A Lament For Letters

During one summer of our courtship, my husband Dave and I were separated for several months because we had jobs in different countries. We exchanged letters about two or three times a week. I have saved them all and frequently re-read them.

The emotions, ideas and dreams expressed in those letters have been a real source of encouragement and strength during our nearly five decades of marriage. We were poor college students in 1972 so we couldn’t afford to call each other during our summer apart and it was long before everyone had personal computers.  The only way we could communicate regularly was through cards and letters.

My grandparents on their anniversary

At my grandparents’ 60th wedding anniversary, two of my aunts, who both had lived most of their lives in places far from their mother’s Manitoba home, presented a readers theatre that gave a humorous and entertaining look at our extended family’s history. Every line of the dramatic script was an excerpt from one of the hundreds of letters my grandmother had written to her daughters.

Heinrich Enns and his wife Gertrude my husband Dave’s grandparents

My husband’s grandfather Heinrich Enns was doing alternative service in a forestry camp in Ukraine in the late 1800s. He went to church with a buddy and met a girl named Gertrude Unruh. He had to go back to the camp but he wrote Gertrude such passionate and beautiful letters, she agreed to marry him.

Gertrude and Heinrich during wartime. You can see Heinrich’s medical hat with the red cross on the table.

Later during World War I when he was serving as a medic in Moscow his letters were the ones all the villagers back home wanted to hear read aloud because they provided such a descriptive and informative picture of the battlefront. In those letters, he was also able to offer advice and encouragement to his young wife who was trying to run their large estate alone during his absence.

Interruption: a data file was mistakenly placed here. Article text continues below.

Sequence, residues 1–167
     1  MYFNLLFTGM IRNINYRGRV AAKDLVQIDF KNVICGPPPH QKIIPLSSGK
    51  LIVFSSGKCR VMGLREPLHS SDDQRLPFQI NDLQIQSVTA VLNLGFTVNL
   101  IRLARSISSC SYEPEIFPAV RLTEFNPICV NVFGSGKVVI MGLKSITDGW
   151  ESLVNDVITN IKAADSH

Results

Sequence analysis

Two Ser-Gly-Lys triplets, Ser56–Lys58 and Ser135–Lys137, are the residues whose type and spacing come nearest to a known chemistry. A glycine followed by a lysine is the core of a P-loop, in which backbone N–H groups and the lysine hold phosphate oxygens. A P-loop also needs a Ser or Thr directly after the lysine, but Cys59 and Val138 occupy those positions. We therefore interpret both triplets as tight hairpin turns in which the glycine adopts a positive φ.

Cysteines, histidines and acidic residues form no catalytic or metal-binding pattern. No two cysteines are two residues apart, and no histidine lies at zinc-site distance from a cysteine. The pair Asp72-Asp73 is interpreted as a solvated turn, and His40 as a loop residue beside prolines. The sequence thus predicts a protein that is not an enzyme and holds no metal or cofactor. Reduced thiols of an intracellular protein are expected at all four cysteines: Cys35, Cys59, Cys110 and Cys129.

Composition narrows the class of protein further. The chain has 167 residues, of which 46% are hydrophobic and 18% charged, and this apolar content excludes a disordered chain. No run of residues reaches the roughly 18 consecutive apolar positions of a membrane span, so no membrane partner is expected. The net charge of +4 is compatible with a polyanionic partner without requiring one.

Personal letters are a special and unique form of communication. Somehow e-mail missives just aren’t the same as handwritten letters. 

Silver ink well I inherited from my maternal grandmother Annie Jantz Schmidt. Grandma received it as a Christmas gift from her brother Henry in 1911

I lament the loss of personal letters every time I look at this lovely heirloom letter writing set I inherited from my maternal grandmother Annie Schmidt.  She had beautiful handwriting and wrote many letters to family members. 

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1 Comment

Filed under Family, Writing

One response to “A Lament For Letters

  1. Shelley

    Hi there, I’m Shelley, and I’m married to Steve Enns, who is the son of Ken & Rita Enns. I’m Facebook friends with Aunt Marion, and her post had me stumbling on to your blog! How very interesting I find your writings!
    I’m wondering if you would be interested, contact me about the Enns family history. Last year I typed out the handwritten account of the Enns Family you reference, and gave it to Ken as a gift. The idea was to print out copies for the kids, but I would love to include more maps & photos. I have a few, but you are showing some I haven’t seen of Gertrude Enns’ family. Hope to hear from you, and thanks again for the great reads, Shelley


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